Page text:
Washington City Hall

A pair of short-term rental properties in Washington will soon hit the market after the Washington City Council voted Monday to issue special permits allowing the Locust Street homes to operate as short-term rentals. 

William Eckelkamp Jr., the registered agent for Beekeepers Mill LLC, sought the special permit on behalf of Todd and Anne Marie Beck, who are listed in city documents as being the owners of 309 Locust St. and 317 Locust St. The special use permit, which requires annual inspections and application for a city business license, is required when a business opens outside of the downtown district, according to Washington Community and Economic Development Director Sal Maniaci. In addition to the inspection and other requirements, the business is required to collect the city’s 5 percent hotel bed occupancy tax. 

In a report to the Washington City Council, the city’s Planning and Engineering Department staff said the proposed use of these homes as short-term rental properties “should not (be a) detriment to the neighborhood.” Maniaci said the city contacted adjacent property owners but received no feedback from neighbors. No one spoke against the permits being issued at the city council meeting or at a Washington Planning and Zoning Commission meeting held last week.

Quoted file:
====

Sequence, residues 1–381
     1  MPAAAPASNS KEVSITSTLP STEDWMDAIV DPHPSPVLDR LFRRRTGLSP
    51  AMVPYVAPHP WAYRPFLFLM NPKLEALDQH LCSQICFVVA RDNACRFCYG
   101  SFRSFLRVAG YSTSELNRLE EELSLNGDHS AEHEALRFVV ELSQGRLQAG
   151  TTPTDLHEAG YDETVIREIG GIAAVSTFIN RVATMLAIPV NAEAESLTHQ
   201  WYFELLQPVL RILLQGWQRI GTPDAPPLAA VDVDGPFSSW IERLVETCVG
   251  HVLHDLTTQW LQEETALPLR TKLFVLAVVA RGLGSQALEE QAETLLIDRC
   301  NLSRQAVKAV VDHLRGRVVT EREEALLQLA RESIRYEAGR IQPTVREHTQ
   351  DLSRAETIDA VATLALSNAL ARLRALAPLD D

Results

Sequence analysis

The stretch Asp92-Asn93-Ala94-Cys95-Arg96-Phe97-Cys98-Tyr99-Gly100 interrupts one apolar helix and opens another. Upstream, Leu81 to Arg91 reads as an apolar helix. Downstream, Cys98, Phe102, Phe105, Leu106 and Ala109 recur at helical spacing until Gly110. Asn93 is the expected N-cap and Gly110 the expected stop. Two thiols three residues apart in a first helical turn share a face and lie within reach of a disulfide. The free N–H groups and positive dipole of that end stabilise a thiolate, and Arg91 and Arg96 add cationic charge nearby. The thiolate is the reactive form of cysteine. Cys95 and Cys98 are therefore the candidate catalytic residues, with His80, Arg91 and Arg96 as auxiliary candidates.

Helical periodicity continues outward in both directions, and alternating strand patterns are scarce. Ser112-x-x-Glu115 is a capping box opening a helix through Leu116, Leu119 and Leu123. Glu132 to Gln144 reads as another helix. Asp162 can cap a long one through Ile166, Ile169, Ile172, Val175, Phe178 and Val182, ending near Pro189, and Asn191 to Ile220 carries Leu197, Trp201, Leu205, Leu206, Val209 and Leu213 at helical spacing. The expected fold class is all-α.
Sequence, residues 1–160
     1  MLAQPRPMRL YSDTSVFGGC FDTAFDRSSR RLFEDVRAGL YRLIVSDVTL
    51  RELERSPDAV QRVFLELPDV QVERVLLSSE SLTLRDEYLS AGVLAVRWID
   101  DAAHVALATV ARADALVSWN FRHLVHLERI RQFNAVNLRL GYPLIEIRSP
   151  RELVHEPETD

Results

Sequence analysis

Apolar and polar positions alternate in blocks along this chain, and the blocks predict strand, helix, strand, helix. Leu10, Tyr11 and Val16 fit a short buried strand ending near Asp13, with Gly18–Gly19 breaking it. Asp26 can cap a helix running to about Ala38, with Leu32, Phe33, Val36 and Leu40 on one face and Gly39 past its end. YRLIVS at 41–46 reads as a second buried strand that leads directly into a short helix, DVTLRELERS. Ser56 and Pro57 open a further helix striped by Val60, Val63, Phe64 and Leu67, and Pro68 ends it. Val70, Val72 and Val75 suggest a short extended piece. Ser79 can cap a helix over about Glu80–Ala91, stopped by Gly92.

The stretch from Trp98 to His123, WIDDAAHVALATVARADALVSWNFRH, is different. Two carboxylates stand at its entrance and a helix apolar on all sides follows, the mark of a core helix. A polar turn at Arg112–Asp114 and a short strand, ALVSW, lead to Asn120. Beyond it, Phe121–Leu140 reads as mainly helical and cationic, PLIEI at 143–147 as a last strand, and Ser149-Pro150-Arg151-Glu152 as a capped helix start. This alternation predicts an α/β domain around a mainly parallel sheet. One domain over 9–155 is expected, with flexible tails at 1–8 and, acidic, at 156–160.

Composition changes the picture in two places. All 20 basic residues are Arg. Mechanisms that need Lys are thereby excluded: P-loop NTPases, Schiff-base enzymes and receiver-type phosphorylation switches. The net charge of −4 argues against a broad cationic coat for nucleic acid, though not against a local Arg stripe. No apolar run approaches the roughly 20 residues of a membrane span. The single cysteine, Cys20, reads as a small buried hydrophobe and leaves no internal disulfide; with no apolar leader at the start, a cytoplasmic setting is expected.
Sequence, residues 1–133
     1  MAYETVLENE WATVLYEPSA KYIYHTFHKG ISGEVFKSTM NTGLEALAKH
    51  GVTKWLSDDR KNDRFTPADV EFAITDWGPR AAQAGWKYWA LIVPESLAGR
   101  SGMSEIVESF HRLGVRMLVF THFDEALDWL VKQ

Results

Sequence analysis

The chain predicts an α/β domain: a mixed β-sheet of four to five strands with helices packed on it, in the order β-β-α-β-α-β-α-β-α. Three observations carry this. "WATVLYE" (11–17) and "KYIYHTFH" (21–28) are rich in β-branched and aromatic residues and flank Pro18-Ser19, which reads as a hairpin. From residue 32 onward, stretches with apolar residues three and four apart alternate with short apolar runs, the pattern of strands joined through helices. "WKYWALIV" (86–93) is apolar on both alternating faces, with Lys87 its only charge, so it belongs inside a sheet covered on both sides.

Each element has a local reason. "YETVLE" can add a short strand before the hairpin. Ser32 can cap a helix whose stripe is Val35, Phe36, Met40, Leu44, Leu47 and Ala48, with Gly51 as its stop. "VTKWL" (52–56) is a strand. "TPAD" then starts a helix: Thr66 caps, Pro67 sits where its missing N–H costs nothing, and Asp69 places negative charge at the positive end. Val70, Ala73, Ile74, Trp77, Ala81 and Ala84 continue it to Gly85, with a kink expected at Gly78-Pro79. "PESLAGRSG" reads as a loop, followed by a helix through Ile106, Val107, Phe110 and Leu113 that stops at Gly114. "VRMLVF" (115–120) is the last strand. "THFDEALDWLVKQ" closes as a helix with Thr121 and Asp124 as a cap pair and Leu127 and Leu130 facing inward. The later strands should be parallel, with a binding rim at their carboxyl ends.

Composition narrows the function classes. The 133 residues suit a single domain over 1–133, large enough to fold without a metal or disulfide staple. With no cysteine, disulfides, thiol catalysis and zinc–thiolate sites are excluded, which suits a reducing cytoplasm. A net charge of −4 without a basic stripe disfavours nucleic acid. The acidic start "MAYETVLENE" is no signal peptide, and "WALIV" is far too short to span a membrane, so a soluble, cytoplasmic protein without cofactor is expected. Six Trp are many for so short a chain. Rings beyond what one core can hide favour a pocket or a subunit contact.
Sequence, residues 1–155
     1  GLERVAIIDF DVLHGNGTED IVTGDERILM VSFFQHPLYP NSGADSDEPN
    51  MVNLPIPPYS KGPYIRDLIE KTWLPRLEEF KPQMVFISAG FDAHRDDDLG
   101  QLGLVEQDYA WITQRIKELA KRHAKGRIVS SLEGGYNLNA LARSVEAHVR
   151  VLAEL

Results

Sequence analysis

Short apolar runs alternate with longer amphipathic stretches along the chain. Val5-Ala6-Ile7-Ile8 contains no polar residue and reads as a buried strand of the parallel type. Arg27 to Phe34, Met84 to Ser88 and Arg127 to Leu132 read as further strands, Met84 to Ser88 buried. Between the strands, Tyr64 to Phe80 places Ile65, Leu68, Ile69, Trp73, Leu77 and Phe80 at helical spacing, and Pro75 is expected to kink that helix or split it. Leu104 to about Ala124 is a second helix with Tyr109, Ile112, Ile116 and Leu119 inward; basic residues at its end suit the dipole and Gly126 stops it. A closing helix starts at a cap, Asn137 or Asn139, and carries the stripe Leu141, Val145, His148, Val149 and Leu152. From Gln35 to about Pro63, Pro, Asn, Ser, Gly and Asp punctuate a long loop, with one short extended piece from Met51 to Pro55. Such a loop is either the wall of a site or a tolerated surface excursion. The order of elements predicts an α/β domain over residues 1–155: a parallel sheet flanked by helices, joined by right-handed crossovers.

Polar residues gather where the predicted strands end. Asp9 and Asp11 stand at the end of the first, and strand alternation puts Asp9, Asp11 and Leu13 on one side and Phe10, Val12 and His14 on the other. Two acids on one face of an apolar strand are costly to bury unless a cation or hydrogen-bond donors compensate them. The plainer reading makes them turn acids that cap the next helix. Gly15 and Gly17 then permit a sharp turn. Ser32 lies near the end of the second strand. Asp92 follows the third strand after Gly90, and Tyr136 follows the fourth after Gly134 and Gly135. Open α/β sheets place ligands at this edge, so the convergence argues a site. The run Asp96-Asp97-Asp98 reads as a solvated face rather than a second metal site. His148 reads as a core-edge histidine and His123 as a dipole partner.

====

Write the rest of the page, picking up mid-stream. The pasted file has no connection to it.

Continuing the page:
Once operational, the two properties will increase the number of licensed short-term rentals in Washington to 28, according to Maniaci. Short-term rental property owners often market their homes on Airbnb, Vrbo, HomeAway and other sites. Property owners can use these online platforms to rent rooms or entire houses for a single night or multiple days, but minimum nights of stay are determined by the property owner or the platform, not by the city.

Maniaci said any home or rooms that are rented for fewer than 30 days at a time should be licensed through the city. 

“People are really starting to realize that short-term rentals are not a new phenomena,” Maniaci said. “Every year we seem to get a few more requests for permits.” 

Maniaci said on Monday that there has been “no movement” on a push to crack down on unlicensed short-term rentals operating in Washington. Earlier this year, the city was contacted by a software company that claimed there were up to 63 unlicensed short-term rental properties operating in Washington. 

Third-party vendors such as ProChamps, which reached out to the city, buy ZIP code-specific data from the nine major companies and then compare online bookings to the city’s list of licensed short-term rentals. 

“They scour all of this information, and they will actually do the legwork and contact the property owners for the city,” Maniaci said in March. In exchange for this service, ProChamps has said they would charge a $100 fee per property they find. Other companies would charge the city a monthly fee. 

Under current city ordinances, short-term rental owners pay $60 for their annual business license and $25 for the annual inspection.